“My Garin Urim Family” – by Naih Anson Garin Urim 2018
"It is difficult to remember life without my Garin Urim family or my greater Garin Tzabar family."
The Las Vegas Jewish community is small but thriving. Within it, you can find almost everything you need. However, I was first exposed to living a Jewish life when I studied abroad on a Kibbutz for a high school semester: notes did not have to be sent home to miss school for holidays, a newly built Sukkah was seen on every corner, and Magen David necklaces were
proudly worn by so many. This feeling subsided as I left my Las Vegas home for college just three years later, to a suburb of Chicago, and I became one of the very few Jewish students.
As Hillel president for my four years as a college student, there were successes and failures, but I was always reminiscing of my time living a more purposeful Jewish life while in Israel. I had thoughts of making Aliyah, considerations of joining the army, but it was not until I was working at the United Nations Human Rights Council in Geneva, Switzerland that I decided to put my words into actions. Preparing to speak in front of the Council, I expected to witness minds
working together in hopes of building a greater future for this world.
Instead, remarks after remarks were presented blaming Israel for downfalls within society that extended far past the Jewish state. My only hope at that moment was that my actions as a member of the Israel
Defense Force would work to better the world in ways my words at the Council could not.
As a part of Garin Tzabar, the feelings of helplessness that were present during my past jobs within the Jewish community subsided. Empowered and eager, myself and others joined together to create a family, sharing an ideal that we all held so highly, which was to serve the State of Israel.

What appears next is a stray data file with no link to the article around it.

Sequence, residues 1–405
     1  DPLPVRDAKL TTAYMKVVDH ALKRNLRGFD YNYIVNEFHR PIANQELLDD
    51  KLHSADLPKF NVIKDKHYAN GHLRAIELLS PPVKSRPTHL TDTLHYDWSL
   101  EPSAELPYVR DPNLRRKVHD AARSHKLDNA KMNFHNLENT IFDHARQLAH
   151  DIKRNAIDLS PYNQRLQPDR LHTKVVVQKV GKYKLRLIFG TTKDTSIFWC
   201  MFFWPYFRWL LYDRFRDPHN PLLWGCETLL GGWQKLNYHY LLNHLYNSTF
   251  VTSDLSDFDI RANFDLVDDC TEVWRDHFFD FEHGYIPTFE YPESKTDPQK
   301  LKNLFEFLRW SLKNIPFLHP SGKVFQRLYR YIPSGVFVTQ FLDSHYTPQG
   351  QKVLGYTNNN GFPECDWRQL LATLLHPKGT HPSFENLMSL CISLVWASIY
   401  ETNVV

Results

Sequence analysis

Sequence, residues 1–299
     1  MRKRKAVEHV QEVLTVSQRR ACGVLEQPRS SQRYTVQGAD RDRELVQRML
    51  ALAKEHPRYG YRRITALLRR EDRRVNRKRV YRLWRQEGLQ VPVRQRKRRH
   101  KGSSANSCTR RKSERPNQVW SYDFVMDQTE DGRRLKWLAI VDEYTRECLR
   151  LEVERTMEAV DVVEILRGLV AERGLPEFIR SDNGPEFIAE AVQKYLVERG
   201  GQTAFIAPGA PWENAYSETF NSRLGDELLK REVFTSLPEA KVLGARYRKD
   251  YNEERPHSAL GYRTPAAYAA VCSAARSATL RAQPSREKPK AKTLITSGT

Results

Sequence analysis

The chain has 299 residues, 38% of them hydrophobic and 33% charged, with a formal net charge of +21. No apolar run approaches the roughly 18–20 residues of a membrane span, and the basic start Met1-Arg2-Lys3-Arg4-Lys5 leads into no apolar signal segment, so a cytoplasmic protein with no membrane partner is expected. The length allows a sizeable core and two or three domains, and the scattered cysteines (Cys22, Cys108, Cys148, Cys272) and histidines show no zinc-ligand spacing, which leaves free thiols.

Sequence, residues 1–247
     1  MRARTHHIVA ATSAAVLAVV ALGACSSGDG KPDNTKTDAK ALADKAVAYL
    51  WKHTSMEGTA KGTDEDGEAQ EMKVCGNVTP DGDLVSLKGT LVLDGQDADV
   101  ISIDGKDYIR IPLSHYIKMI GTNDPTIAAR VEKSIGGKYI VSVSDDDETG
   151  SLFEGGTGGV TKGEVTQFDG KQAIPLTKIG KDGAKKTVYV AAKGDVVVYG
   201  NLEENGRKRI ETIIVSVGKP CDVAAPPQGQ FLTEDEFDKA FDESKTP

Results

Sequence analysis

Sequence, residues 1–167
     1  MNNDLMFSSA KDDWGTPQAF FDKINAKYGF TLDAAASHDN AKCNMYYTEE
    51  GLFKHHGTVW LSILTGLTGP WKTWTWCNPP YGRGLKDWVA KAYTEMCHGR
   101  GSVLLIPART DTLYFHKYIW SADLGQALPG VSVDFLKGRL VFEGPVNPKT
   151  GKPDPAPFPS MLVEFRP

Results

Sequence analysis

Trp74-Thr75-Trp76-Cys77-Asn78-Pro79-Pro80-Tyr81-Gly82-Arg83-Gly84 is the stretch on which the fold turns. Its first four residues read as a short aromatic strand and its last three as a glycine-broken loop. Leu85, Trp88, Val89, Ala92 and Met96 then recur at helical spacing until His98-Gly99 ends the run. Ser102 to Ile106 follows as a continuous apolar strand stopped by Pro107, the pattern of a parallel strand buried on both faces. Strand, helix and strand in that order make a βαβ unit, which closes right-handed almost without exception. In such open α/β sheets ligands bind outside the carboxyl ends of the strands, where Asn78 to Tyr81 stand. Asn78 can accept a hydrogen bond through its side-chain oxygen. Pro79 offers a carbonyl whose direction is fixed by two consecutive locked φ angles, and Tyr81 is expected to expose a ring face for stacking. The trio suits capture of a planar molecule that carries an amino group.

Only three months have passed since arriving at Kibbutz Urim, but it already feels so natural for it to be home. Even more so, the family that I created within Garin Tzabar and the relationships that flourished through it began before the plane even touched down at Ben Gurion and before we became settled into our new Kibbutz homes. Four seminars in Chicago,
IL paved a path for success for our Garin. With programming ranging from icebreakers (sometimes even literally) to discussions about the role of women in the army and how to assist each other during times of crises — trust, honesty, responsibility, and involvement were pillars that were able to be built and ingrained within our Garin before we began our journey in-country.
Making Aliyah is often presented as an idealistic journey, full of self-discovery and revelation, and, it is. But what is often forgotten in the heartwarming videos that we watch of a journey home to the State of Israel, are the hardships and impediments that had to be overcome
in order to truly feel at home here. Personally, I have no family here. Open weekends during our absorption period can be difficult at times: missing what used to be home, or what may be still is, thinking about the decision I made, and sometimes wishing to be transported back to my nearby support system that I had while in college. But, then, in that same instant, I am brought back to the invitations to the families and friends of members of my Garin, Shabbat dinner with an incredible host family that reminds me and others what a family becomes when you make Aliyah,
and my new Garin family. We didn’t choose each other, we met in the lobby of a hotel by the O’Hare Airport only 10 months ago.
We come from different backgrounds, ages, and Jewish practices. But, now, it is difficult to remember life without my Garin Urim family or my greater Garin Tzabar family. Through them, I am reminded, on the occasional difficult day, why I am here, why we are all here, and the journey that lies ahead of us that will be made possible through the support of one another.